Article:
Life IS so much more fun with a camera. I find myself going back and browsing pictures, just to tease myself for coming warmer days.
This year is the year of the Nighthawk--(or, that's the plan)

My husband is learning how to do water color so I call him in to read your posts ... he is really enjoying them! Thanks for showing us your work in progress.

If I could paint like that, I would put my camera away. Such beautiful artistry in every stroke. Purposeful and poetic.

Julie, so so loving this! This painting is turning out amazing!

Cyberthrush--stranger things have happened. The article mentions the communal dungpile, which does give one to wonder if they picked up just enough alpaca lore here to write the spoof. Hmmmmm (long alpaca hum).
Thanks for the heads up!

I like Bay-breasted Warblers myself since I live so close to the boreal woods in my neck of Minnesota but another good ambassador would of been a Evening Grosbeak or a Boreal Owl(threaten in Minnesota )but by looking at your painting the owl would of been to big but the grosbeak would of looked cool.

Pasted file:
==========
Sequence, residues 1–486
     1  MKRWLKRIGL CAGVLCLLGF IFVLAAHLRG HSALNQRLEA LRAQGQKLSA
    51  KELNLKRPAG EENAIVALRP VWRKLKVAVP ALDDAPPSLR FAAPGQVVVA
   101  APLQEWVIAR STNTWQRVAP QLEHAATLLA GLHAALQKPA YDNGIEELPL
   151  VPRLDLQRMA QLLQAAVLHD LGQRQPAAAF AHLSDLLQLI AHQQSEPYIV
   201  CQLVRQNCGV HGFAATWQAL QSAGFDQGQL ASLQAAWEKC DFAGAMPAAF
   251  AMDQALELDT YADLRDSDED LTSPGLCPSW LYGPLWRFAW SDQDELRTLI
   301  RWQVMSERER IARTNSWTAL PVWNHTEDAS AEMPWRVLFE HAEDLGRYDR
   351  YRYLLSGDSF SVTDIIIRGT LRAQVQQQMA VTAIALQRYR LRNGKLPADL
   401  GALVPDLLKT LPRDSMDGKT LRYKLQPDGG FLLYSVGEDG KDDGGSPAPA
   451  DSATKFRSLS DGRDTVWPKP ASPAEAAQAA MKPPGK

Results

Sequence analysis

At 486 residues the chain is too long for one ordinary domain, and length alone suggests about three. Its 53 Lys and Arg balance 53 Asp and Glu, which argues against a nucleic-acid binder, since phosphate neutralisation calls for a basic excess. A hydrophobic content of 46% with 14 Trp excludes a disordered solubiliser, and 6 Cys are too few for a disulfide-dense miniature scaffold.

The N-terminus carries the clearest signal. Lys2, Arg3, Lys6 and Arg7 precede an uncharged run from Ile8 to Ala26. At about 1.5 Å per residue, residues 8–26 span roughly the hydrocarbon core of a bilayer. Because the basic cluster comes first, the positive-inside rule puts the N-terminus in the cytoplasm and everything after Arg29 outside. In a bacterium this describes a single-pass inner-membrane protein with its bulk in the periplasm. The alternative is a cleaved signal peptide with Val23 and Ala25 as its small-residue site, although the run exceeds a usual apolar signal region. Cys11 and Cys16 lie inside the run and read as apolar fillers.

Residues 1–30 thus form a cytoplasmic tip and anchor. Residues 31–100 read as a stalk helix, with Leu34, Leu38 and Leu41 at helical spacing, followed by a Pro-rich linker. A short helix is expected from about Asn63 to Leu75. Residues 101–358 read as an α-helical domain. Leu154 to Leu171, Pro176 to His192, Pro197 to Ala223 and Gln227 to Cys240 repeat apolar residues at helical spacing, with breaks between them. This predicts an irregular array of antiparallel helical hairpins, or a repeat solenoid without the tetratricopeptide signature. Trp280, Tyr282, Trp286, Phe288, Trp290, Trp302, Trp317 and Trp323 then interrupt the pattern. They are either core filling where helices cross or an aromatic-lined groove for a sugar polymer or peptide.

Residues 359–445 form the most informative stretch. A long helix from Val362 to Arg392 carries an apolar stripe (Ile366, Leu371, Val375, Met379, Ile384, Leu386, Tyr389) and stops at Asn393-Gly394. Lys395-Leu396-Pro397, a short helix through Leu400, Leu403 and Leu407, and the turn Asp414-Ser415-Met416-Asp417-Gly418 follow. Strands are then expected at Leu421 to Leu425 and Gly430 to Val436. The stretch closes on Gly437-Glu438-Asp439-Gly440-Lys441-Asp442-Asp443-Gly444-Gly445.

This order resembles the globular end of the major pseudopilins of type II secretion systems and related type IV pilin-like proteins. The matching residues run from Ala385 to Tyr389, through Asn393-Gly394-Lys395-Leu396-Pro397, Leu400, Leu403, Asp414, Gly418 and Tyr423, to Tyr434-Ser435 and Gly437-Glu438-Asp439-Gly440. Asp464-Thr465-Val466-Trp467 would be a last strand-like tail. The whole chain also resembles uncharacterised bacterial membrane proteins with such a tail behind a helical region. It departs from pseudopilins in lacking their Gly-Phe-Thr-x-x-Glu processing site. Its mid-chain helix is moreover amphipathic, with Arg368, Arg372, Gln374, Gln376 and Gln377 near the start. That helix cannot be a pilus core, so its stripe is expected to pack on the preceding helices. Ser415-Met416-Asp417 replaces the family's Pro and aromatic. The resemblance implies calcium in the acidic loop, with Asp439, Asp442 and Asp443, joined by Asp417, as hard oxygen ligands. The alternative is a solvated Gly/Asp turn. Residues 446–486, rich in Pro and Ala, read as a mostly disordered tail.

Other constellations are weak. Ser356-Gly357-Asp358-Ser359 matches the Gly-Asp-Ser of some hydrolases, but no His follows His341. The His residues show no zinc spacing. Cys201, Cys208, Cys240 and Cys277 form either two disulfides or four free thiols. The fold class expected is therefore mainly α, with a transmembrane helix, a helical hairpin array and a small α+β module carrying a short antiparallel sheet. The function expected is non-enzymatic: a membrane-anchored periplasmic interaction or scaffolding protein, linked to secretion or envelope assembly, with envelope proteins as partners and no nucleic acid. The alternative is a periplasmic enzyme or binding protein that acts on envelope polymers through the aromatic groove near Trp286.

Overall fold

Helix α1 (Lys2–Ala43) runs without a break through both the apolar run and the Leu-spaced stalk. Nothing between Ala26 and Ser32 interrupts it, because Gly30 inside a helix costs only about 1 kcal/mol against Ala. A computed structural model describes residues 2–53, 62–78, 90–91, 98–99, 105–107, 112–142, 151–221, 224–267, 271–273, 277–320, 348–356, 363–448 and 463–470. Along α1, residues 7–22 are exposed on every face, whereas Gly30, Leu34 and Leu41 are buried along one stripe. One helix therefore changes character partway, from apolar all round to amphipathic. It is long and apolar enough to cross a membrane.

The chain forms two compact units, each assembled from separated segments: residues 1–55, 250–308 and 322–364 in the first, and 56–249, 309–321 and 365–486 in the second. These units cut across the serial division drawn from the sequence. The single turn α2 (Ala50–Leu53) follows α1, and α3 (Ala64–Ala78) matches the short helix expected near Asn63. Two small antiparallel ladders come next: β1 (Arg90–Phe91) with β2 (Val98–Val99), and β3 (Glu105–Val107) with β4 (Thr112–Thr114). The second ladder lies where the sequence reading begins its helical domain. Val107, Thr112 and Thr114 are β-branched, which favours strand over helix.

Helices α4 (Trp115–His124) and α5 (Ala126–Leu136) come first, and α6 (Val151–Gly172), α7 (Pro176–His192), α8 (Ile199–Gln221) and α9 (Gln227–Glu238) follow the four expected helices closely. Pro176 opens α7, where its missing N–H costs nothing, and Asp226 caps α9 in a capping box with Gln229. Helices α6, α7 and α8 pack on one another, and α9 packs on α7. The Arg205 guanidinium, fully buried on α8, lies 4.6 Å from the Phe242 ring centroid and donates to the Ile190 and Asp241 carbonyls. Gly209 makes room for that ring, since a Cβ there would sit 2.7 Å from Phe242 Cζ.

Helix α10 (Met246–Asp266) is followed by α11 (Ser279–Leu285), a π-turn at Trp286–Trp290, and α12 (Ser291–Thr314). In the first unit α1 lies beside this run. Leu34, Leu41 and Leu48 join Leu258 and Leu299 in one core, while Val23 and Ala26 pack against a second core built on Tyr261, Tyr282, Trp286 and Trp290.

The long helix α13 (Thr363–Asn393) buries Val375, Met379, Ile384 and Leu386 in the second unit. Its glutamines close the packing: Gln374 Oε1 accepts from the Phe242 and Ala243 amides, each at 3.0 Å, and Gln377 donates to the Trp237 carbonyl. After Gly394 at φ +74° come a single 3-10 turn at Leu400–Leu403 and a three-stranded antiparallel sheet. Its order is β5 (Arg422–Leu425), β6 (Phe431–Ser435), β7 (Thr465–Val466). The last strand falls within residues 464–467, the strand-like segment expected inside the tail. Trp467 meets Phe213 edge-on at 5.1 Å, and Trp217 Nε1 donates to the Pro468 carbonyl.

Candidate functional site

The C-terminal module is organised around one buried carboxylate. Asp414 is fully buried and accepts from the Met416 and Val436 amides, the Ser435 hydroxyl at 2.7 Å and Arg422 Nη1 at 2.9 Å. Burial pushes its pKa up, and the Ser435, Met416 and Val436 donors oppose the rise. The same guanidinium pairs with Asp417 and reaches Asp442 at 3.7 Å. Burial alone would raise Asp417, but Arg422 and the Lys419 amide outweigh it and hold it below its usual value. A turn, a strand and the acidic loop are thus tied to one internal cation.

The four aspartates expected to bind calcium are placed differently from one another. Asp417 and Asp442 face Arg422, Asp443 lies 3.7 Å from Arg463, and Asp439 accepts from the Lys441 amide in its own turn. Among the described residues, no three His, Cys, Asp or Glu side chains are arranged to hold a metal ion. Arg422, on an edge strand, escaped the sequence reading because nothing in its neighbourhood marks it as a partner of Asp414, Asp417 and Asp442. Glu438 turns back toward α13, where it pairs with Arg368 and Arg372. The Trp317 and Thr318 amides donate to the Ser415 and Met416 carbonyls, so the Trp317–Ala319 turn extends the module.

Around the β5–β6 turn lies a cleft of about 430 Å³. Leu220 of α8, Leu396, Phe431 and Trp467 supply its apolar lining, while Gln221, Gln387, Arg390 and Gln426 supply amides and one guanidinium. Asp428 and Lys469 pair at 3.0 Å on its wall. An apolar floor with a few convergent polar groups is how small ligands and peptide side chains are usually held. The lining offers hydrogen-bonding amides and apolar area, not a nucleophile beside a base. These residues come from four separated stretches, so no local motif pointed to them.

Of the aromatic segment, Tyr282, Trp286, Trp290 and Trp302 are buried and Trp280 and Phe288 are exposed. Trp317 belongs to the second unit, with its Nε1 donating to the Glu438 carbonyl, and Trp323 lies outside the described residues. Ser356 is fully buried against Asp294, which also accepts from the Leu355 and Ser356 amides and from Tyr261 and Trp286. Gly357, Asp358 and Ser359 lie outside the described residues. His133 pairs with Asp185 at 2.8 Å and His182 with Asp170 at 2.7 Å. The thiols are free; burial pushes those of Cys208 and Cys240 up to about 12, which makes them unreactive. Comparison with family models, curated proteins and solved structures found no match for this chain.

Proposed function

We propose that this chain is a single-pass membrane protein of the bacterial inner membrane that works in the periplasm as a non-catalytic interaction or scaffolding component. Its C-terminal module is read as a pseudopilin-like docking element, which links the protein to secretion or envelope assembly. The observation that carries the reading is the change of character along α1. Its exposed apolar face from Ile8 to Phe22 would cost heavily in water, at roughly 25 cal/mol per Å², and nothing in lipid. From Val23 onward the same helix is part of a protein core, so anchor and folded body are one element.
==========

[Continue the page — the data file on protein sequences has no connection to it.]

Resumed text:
Mike H.
Duluth Mn

I feel like I'm tuning into a favorite show each time I check your blog. American Idol has nothing on you girlie! Finishing my popcorn... ready for tomorrow's show! ;c)

I too saw that Onion headline and thought of your alpaca posts! Everyone reads your blog, Zick!

If I could paint (or even write my name neatly) I probably wouldn't have a camera--or an easel (seems weird to work vertically)--but for us artistically challenged folk, a camera will have to do.

It's been a pleasure watching this whole process play out. I can't wait to see the Scissor-tailed Flycatcher in all its beauty. Keep it coming!

I think this is my favorite part of your blog. I admire anyone who can work with watercolors and I love reading and seeing how you break your work down step by step.